fluid totality, the latest book documenting the amazing student design research work of Studio Hadid Vienna at the University of Applied Arts from 2010 to 2015, will be launched on June 20th. it will not only showcase every student project conceived during that time, but will also feature a number of texts and essays by distinguished architects, academics, and critics, such as Aaron Betsky, Mario Carpa, Joseph Giovannini, Evan Douglis,, Ali Rahim, Hani Rashid, Jesse Reiser and Jan Willman, framing the studio’s work in a wider contemporary architectural context. Find below my personal text contribution to fluid totality:
… at least surprise!
Robert R. Neumayr (Vienna), 2015.
“Let us […] regroup the contemporary elements along a spiral rather than a line. We do have a future and a past, but the future takes the form of a circle expanding in all directions, and the past is not surpassed but revisited, repeated, surrounded, protected, recombined, reinterpreted and reshuffled. elements that appear remote if we follow the spiral may turn out to be quite nearby, if we compare loops. Conversely, elements that are quite contemporary, if we judge by the line, become quite remote if we traverse a spoke.” (Latour, 1993: 75)
Four years is the standard duration of a typical academic contract in one of Vienna’s universities. Sufficient time to gather initial academic experience and to make (in our case) a first contribution to the field of architecture, but hardly enough to develop and systematically explore an architectural problem.
The angewandte, however, allows its studio heads and their research and teaching staff to steadily work on their studio’s continuous research agenda for much longer, enjoying the freedom of unlimited contracts. In studio HADID this contributes significantly to the creation of a rather unique environment, in which within the last fifteen years, one could witness the gradual evolution of Parametricism, as a theory, as a style, and as a way of conducting design research.
In the eight years, in which i had the opportunity to teach in Zaha’s studio, I saw Patrik Schumacher’s Parametricist Manifesto grow into a fully fledged architectural theory (and some critics claim his theory is much more all-encompassing). But my history with Zaha and Patrik is much longer than that. In a manner of speaking, the three of us and Parametricism have grown old together. As a student in the AA’s design research lab in 2001 we had first conversations about Patrik’s ideas of the Autopoeisis of Architecture, working with Zaha in London gave me the opportunity to first test these concepts in a professional practice and teaching in Innsbruck with Patrik allowed me to investigate how to carry out the same parametric research agenda in a totally different academic environment.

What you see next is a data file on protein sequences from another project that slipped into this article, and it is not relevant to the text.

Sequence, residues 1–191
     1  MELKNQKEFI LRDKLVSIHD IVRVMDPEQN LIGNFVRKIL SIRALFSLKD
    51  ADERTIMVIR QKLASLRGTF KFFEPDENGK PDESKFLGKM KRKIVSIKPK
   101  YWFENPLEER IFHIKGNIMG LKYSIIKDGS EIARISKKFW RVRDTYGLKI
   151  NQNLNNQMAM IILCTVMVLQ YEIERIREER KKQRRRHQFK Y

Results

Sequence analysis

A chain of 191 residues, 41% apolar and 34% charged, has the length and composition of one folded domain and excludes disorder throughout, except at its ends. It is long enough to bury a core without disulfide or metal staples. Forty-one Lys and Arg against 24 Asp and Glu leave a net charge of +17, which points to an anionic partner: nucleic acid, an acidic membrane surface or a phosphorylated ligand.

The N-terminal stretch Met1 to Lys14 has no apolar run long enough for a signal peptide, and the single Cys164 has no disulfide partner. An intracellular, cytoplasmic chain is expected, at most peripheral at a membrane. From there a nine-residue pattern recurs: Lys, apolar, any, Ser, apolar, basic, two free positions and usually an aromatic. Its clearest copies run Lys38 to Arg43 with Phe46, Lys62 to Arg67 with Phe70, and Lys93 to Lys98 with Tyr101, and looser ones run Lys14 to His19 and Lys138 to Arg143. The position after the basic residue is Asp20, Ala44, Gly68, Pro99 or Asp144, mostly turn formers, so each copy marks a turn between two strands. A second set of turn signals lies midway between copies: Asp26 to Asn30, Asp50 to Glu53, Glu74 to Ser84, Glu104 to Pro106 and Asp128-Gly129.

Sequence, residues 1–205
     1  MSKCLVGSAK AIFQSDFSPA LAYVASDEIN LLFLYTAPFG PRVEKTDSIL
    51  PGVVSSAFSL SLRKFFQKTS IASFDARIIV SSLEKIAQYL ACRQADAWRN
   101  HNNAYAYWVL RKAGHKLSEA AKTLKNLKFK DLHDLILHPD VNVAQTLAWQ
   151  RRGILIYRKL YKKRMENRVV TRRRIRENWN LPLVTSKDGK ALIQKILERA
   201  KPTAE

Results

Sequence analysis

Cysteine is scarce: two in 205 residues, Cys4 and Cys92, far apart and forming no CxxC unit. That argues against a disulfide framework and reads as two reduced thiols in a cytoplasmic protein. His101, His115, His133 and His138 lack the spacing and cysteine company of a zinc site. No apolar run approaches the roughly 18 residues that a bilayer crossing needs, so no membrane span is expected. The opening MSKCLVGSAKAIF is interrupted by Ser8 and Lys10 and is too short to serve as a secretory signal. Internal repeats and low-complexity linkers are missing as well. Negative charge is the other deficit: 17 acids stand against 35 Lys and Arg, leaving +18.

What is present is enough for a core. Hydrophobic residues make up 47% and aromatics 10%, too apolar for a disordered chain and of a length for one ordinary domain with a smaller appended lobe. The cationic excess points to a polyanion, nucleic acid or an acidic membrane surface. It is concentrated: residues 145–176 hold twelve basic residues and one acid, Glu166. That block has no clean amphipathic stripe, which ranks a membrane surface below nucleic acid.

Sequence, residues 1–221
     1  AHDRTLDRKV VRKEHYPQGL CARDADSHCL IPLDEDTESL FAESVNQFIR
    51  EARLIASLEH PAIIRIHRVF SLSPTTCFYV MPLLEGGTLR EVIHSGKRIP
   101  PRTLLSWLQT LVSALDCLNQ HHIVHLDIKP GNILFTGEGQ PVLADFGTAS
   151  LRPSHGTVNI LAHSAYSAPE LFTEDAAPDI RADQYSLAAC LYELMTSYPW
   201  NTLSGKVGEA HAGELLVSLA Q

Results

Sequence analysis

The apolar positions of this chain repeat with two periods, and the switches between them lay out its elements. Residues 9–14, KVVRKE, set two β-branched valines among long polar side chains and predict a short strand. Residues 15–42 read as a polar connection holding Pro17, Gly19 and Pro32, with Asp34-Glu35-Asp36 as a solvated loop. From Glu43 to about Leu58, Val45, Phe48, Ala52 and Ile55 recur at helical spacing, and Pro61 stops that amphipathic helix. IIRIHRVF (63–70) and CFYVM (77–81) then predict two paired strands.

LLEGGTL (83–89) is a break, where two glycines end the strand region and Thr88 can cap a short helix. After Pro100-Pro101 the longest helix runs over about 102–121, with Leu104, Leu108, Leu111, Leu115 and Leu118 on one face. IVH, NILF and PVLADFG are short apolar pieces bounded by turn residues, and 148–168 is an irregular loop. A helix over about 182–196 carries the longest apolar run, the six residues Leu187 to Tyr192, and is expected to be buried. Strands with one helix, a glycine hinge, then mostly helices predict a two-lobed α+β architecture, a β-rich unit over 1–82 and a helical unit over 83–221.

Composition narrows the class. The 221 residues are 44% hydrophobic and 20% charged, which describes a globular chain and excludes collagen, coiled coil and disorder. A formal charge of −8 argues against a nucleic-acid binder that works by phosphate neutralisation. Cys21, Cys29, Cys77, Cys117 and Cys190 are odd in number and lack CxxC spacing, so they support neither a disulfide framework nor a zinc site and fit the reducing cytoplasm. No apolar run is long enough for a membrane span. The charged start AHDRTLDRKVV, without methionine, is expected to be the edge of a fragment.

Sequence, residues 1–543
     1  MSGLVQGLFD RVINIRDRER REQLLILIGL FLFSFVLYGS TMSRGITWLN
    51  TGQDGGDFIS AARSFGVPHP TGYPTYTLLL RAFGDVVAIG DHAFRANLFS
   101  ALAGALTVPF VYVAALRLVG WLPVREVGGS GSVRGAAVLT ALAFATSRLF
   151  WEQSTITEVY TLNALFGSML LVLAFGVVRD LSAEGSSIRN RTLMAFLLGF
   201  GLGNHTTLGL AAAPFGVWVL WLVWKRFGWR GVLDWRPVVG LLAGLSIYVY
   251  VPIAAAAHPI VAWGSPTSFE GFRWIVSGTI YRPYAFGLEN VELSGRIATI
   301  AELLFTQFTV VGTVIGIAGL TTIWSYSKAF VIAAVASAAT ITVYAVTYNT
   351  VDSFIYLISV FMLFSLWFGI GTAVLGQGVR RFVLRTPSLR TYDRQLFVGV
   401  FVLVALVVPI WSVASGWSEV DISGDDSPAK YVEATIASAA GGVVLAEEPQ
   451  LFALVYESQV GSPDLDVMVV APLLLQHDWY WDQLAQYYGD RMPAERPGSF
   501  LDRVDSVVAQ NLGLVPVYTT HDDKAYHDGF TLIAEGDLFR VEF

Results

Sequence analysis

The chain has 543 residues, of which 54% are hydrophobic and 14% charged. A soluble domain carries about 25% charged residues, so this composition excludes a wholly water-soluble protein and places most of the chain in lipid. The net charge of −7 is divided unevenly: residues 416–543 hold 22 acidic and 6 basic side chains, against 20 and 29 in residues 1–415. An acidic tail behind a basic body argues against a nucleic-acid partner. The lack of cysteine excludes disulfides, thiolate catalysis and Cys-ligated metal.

This parametric tour de force throughout the years also taught me this: design research is most efficient and productive when conducted simultaneously in different institutions, such as technical universities, art schools, and professional practices, in a joint effort under various external preconditions and constraints.
In the beginning studio briefs were programmatically devised to rethink traditional architectural design strategies, concepts, forms and media, to simply perforate the boundaries of architecture. But once Zaha’s and Patrik’s ideas started to consolidate into one precise theoretical direction, fields of research started to spiral around that trajectory, being reiterated and reformulated over the years, always building upon previous design research and borne by a constantly unfolding theoretical background, systematically testing parametric design strategies in various scales of architectural and urban experimentation, from urbanism and high-rise clusters to building components, interior design and fashion accessories, thus yielding vastly different results.
Using a changing set of tools and techniques throughout a period of more than ten years Forms of Metropolitan Living, New Urban Geometries, Parametric Urbanism and Ubiquitous Urbanism all explore the understanding of a city as a complexly networked system of different interactive layers of information, reflecting our dynamic understanding of the urban condition.
Over the years the studio’s design research has co-evolved with the theoretical framework, shifting its agenda from “[exploring] a space rich enough so that all the possibilities cannot be considered in advance by the designer” (de Landa, 2001) to strategically integrating more and more complex layers of information into increasingly intricate digital systems. The most recent studio briefs, such as The Semiological Project,Parametric Semiology, Tectonic Articulation and Kinetic Morphologies intend to broaden the field of research in order to address the contemporary architectural discourse by integrating related fields such as structural engineering and energy design more directly into the design process or by trying to find adequate answers to current societal issues by means of exploring semiological and interactive environments.
Manuel de Landa once said that “[…] only if what results shocks or at least surprises” (de Landa, 2001) digital design tools can be considered useful tools. Looking back at fifteen years of experimental design research, that have come to an end now, I think it is safe to say that the studio’s work never fell short of this claim. And this book certifies to this.
de Landa, Manuel. Deleuze and the Use of the Genetic Algorithm in Architecture, 2001.
Latour, Bruno. We Have Never Been Modern. Pearson Education, Essex: 1993. ISBN 0-7450-1321-X.